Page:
He was able to travel by rail without charge; it was still uncomfortable, noisy and dangerous, especially during the Civil war years.
Father Hogan speaks: “Many a time my heart more than my lips spoke a grateful ‘God bless you,’ to some poor brakeman or conductor, who more in need of rest himself than I folded his overcoat or his blanket and put it softly under my head to rest me as I lay on the hard board seat of the caboose car, overcome by fatigue of several days and nights of labor and travel.”
In Oct. 1866, Father Hogan purchased a tract of land for $50 from several owners for a church in Cameron. A simple frame 40’ x 20’ church was constructed in Chillicothe and shipped by rail to Cameron.
The parish was formally established in 1867 and named in honor of the late 6th century founder of Father Hogan’s home county and that of many of the railroad men and settlers from Ireland, St. Munchin (Little Monk) of Limerick, the only Catholic church in North America so named.
The church, which cost about $2,000 to construct and ship, was set on the lot facing a dirt road, with hitching posts on the west side. A cross atop the church could be seen from some distance away. The church was completed in the summer of 1868, about the time a second railroad connection was finished, this time the Kansas City branch of the Hannibal-St. Joseph railroad from Cameron to Harlem on the north bank of the Missouri River. The Hannibal Bridge would be built in 1869, bringing new prominence to Kansas City and more importance to Cameron.
Also in 1868, Father Hogan was notified by the Holy See that he was appointed first bishop of the new Diocese of St. Joseph. Father Thomas Ledwith traveled from Liberty twice monthly in 1868-69 to celebrate Mass at St. Munchin’s. The first resident priest, Father James Foley arrived in 1870. He remained not quite a year, and was replaced by Father Thomas Walsh in 1871 followed by three short-term pastors.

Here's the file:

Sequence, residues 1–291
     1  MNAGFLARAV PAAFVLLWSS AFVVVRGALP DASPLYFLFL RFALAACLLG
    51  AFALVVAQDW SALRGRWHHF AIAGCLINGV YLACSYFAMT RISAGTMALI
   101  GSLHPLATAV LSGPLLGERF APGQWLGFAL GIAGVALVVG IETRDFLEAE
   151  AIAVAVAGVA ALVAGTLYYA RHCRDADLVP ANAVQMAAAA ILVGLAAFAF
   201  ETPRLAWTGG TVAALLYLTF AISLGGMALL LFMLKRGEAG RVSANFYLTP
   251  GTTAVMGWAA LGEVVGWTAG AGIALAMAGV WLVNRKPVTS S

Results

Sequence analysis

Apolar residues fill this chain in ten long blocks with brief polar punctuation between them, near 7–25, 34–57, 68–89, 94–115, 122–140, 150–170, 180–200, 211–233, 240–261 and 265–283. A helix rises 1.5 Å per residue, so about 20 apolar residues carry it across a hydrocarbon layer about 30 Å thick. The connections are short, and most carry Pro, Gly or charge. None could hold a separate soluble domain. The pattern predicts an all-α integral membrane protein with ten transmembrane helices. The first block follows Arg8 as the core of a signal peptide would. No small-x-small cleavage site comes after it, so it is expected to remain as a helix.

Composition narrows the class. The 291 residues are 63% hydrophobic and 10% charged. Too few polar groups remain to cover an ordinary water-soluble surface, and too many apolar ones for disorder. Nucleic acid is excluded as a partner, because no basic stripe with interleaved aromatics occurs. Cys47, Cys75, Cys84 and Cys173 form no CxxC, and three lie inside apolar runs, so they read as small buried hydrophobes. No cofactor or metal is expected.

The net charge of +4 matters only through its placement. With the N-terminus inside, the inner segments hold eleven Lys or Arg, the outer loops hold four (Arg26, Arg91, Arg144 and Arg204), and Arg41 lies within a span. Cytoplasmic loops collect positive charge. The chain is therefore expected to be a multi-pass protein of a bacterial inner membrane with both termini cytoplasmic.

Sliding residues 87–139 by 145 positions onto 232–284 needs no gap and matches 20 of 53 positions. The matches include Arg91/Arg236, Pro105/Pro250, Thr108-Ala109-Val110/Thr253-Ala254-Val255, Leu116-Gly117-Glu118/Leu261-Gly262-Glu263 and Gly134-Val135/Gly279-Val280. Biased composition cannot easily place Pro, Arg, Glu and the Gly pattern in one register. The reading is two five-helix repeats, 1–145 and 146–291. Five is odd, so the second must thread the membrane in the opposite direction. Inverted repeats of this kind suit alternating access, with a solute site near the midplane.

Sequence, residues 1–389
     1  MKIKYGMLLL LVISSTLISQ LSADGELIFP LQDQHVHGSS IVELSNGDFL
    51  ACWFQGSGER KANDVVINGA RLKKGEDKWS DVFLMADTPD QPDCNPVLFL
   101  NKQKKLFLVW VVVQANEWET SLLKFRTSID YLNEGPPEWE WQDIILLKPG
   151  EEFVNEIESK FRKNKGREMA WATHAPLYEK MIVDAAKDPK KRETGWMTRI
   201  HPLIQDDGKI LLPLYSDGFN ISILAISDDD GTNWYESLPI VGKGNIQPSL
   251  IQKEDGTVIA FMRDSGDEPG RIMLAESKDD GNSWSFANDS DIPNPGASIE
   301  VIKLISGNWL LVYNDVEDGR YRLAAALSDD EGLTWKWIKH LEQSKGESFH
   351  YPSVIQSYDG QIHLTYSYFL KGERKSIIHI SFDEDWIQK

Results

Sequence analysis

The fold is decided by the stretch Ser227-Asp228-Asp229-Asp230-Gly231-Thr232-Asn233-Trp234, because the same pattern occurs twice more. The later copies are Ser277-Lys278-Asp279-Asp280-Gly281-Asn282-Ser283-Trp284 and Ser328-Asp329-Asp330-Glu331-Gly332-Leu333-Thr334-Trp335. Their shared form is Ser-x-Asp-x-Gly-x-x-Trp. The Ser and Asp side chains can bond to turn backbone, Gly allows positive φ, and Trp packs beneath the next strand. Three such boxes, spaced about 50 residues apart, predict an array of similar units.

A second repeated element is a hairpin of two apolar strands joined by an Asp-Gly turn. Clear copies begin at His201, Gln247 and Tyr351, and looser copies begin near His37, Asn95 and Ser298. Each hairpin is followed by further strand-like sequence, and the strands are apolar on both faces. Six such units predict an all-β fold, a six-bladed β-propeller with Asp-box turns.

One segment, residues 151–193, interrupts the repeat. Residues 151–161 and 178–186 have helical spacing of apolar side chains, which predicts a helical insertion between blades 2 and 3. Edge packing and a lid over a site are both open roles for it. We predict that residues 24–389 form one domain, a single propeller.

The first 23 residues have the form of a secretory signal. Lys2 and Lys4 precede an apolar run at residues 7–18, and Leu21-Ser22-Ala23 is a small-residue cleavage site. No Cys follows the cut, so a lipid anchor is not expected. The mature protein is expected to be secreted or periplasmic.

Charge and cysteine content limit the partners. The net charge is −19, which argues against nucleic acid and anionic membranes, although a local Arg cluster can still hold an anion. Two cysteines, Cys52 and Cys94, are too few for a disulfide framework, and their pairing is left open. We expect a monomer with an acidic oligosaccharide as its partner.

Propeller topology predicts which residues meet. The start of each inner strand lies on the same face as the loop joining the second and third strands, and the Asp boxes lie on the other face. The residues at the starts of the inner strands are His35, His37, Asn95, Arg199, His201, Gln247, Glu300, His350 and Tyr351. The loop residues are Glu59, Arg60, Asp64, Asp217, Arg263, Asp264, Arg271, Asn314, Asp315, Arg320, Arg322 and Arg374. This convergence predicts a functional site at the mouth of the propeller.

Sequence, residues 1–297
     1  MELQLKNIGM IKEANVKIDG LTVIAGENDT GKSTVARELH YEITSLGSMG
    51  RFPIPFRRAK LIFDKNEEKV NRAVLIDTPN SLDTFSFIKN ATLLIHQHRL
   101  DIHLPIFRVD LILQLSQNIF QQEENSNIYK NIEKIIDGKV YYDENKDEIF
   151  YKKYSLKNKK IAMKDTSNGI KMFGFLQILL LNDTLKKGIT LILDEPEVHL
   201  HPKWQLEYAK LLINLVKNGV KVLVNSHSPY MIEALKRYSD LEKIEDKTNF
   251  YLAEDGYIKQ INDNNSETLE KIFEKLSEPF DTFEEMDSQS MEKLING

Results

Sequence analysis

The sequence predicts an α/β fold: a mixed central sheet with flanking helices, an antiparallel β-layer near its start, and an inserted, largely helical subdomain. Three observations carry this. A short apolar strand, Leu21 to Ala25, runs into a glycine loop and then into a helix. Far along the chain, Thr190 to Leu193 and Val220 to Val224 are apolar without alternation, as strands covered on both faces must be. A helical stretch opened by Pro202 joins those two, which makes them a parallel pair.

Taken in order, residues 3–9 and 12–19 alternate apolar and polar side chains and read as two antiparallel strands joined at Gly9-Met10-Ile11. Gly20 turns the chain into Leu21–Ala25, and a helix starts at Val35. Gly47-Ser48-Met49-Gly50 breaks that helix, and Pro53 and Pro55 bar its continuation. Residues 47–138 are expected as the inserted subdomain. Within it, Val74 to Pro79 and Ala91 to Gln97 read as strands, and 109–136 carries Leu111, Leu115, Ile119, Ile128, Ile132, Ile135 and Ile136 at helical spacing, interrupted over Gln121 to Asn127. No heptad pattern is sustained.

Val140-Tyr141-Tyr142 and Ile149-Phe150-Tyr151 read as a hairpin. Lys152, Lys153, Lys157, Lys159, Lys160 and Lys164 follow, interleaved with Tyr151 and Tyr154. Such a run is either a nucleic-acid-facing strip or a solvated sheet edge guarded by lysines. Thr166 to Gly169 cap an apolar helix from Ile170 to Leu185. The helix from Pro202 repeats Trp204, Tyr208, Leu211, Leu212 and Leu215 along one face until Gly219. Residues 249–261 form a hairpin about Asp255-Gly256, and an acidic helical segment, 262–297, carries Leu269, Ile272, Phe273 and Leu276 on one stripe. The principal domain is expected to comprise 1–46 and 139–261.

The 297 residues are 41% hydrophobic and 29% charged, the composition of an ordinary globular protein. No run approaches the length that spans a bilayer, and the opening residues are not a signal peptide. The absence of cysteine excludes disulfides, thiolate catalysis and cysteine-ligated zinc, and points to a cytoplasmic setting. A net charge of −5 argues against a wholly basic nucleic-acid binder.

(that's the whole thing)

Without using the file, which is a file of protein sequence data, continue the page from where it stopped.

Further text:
Cemetery land was purchased in 1869, and the earliest burial was that of Patrick J. Brown, Irish civil war veteran.
In 1880, Bishop Hogan was again notified by the Holy See that he was appointed first bishop of the diocese of Kansas City; he would remain administrator of the St. Joseph diocese until another bishop was appointed. Bishop Hogan died in 1913.
It was in 1893, during the pastorate of Father James Reilly, 1887-1899, that the current brick church was built.
Names of many of today’s parish families appear on parish community rosters from those early years, including Murphy, Dove and Cline. Patrick Murphy, Martin’s grandfather, emigrated to the U.S. from Ireland about 1877. The 17-year old settled in Plattsburg, saved some money and sent for his brother Michael.
The Murphy brothers were farmers, but when the railroads began criss-crossing the area and fixing county boundaries, Murphy men also became railroad men. Martin would later work for the Burlington Railroad, while keeping ownership of the family farm, where his children were raised.